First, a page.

Defendant city instituted a comprehensive urban redevelopment plan under which condemnation and purchase of blighted property would be followed by extensive demolition and clearance. This land was then to be sold subject to certain use restrictions to private developers, chiefly for light industry. Plaintiff, an owner of real estate described as "improved and enhanced with . . . a good, sound, sanitary, modem and well-kept building," brought an action in a lower state court seeking a declaratory judgment against the constitutionality of the Washington Urban Renewal Law, and an injunction to prevent defendant city from condemning his property under the statute. The owner contended that resale to private persons would constitute use of the eminent domain power for a private purpose. The trial court gave summary judgment for the defendant city. On appeal, held, affirmed, by a five-to-four decision. Condemnation, acquisition, and demolition by public authority of substandard or blighted areas of urban land is a public use justifying the exercise of the eminent domain power, and subsequent resale of cleared land to private persons is only incidental to the main, constitutionally valid purpose. Miller v. City of Tacoma, 61 Wash. 2d 374, 378 P.2d 464 (1963).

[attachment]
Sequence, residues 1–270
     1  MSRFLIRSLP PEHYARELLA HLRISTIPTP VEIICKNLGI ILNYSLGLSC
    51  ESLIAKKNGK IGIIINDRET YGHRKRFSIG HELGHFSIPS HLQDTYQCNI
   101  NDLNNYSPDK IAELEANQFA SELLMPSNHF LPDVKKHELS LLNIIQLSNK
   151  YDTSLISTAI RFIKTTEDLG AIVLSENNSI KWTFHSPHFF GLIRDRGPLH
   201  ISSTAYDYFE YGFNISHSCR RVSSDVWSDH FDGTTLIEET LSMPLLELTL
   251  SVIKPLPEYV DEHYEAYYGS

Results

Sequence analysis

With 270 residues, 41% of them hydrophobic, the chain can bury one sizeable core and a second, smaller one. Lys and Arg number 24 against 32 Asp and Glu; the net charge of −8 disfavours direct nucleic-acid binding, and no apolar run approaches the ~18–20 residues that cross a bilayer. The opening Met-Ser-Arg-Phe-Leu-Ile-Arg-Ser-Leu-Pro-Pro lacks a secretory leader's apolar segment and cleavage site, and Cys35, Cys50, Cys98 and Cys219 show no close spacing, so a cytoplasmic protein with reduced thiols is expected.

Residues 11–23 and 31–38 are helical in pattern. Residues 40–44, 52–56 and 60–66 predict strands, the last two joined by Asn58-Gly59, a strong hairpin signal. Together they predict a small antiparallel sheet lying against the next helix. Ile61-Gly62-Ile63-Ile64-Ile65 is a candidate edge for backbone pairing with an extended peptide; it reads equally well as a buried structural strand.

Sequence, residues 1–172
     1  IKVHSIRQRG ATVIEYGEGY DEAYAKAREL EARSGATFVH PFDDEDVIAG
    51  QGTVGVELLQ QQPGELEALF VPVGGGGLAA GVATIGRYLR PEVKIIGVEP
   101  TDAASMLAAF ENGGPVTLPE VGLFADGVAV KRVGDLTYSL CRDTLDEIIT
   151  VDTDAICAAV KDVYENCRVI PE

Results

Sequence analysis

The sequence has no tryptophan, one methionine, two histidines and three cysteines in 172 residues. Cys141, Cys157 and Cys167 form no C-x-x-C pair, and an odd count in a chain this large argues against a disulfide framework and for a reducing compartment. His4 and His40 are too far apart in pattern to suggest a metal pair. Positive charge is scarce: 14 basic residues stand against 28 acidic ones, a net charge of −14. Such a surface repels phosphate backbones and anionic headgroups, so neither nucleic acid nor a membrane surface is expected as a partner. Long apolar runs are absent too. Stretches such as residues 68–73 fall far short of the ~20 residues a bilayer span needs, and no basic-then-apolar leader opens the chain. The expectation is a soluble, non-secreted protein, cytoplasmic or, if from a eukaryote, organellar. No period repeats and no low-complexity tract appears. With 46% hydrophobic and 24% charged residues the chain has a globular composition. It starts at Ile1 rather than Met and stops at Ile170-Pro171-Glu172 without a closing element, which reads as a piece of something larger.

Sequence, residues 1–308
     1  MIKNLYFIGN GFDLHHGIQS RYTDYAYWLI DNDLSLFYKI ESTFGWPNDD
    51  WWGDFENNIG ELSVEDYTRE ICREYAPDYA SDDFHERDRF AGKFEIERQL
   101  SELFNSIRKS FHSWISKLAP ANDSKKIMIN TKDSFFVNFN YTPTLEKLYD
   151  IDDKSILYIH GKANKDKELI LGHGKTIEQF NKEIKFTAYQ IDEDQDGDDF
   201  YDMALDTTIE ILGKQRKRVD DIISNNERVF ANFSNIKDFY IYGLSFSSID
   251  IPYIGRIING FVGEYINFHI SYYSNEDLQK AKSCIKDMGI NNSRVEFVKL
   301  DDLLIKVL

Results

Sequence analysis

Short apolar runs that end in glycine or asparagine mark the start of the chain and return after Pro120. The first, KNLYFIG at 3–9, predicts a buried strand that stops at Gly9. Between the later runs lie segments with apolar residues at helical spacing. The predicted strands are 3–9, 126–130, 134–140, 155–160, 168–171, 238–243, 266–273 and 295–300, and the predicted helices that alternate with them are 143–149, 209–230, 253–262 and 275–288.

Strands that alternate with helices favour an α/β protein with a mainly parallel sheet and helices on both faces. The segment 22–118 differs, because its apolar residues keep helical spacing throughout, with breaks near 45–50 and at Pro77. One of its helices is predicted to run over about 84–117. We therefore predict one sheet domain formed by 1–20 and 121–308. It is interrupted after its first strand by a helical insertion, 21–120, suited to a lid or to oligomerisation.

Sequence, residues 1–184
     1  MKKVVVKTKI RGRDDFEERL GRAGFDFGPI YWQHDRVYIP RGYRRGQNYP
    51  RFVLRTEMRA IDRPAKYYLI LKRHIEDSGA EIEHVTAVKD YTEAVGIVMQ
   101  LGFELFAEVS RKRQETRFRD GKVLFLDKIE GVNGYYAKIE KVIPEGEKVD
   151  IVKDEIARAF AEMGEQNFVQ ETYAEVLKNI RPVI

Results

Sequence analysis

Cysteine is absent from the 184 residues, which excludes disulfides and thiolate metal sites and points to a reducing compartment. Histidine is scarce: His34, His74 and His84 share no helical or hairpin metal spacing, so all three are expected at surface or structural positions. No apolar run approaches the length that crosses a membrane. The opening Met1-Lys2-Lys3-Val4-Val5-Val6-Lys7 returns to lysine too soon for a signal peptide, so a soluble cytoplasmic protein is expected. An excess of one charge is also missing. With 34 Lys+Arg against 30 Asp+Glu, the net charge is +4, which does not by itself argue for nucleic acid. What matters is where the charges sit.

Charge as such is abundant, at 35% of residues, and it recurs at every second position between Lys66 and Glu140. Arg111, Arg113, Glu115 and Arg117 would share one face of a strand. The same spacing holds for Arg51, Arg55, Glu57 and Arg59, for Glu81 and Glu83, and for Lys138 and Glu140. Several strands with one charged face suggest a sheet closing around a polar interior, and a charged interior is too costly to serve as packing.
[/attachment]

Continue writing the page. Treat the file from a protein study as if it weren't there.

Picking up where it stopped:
Roger L. McManus,
Eminent Domain-Urban Renewal-Broader Powers to Take Private Property for Public Use,
Mich. L. Rev.
Available at: https://repository.law.umich.edu/mlr/vol62/iss6/11